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Like with most other rose chores, such as pruning and planting, late winter is a good time for moving them. I had to move my roses just last year, after I discovered that I needed about a foot more space for drainage from my roof into the rose bed.
Moving roses is no small task. Even after having just one year in the ground, my roses were a bear to dig up. The main roots were already over an inch in diameter, making them very difficult to pull up, and I ended up needing to cut a couple of them. Many plants would not have tolerated this abuse, but my roses bounced right back with and reestablished very quickly.
Since they’re so tough, if you have to move roses at other times of year, they’ll likely do fine, although maybe not recover quite as quickly as during cooler times of year. But it’s best to avoid moving them in the summer, as it is with most plants. Summer is too stressful already, without the added stress of having their life-giving roots torn apart.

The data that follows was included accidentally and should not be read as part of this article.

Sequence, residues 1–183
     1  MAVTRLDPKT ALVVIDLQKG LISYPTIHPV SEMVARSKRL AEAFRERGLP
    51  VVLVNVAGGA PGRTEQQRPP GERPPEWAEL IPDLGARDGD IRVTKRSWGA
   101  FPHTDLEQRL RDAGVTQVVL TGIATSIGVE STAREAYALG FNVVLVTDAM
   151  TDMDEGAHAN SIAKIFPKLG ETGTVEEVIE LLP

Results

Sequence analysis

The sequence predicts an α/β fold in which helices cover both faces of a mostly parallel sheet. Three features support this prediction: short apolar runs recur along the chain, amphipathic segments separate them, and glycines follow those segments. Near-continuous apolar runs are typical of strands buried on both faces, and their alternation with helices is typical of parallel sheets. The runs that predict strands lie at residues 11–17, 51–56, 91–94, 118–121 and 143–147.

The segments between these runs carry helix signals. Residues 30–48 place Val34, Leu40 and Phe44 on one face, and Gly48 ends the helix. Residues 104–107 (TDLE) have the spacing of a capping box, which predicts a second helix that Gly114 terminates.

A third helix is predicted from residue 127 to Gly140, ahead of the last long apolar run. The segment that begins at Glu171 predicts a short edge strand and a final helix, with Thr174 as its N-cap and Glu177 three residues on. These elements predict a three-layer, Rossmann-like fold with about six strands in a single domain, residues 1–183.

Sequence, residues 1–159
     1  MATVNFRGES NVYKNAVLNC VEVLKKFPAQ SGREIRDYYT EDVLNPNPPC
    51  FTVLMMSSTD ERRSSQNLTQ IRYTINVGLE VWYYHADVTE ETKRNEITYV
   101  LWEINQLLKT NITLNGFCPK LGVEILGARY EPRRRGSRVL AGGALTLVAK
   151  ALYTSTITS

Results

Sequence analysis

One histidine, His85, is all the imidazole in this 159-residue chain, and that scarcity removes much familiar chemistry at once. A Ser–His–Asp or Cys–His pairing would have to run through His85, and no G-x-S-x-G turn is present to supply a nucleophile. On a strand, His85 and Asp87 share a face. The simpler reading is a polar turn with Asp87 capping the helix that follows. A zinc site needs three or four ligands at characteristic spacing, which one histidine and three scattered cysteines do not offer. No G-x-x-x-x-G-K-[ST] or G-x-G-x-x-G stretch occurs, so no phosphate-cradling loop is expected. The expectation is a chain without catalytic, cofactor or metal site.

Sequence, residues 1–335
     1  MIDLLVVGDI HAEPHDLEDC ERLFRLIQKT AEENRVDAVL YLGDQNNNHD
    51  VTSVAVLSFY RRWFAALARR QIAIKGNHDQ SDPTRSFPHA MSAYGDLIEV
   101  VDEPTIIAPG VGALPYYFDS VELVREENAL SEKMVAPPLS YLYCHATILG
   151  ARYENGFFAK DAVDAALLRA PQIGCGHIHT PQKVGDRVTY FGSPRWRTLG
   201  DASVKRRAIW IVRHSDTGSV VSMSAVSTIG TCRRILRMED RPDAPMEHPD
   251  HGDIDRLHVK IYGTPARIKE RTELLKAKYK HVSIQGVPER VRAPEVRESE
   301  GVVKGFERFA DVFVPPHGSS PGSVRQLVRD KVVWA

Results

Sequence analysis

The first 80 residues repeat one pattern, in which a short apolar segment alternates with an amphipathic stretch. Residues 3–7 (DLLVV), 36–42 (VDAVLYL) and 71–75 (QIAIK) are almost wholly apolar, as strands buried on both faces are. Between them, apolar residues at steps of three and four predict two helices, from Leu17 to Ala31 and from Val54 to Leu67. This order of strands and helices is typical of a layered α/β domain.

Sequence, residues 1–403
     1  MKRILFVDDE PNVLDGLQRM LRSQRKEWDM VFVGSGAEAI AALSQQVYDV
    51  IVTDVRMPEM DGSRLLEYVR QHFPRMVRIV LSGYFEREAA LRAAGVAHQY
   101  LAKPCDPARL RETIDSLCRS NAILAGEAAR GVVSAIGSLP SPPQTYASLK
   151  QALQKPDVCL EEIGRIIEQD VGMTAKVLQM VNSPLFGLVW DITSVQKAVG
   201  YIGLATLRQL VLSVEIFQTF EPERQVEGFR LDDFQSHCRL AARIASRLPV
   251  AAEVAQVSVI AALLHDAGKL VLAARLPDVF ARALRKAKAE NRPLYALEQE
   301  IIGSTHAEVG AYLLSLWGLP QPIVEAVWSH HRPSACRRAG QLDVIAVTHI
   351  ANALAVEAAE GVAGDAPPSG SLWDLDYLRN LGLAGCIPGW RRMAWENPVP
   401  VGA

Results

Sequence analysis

If you want to add a little compost to your new rose bed, go ahead and do that. But avoid fertilizing until the plants are growing again.
It’s best to go ahead and do your normal pruning before moving your roses. That makes it easier to grab a hold of the beefier stems when you’re trying to uproot it. And do your best to hold the plant at the base if you need to work your way under it while digging. Smaller stems may break and create wounds for insect and diseases to invade.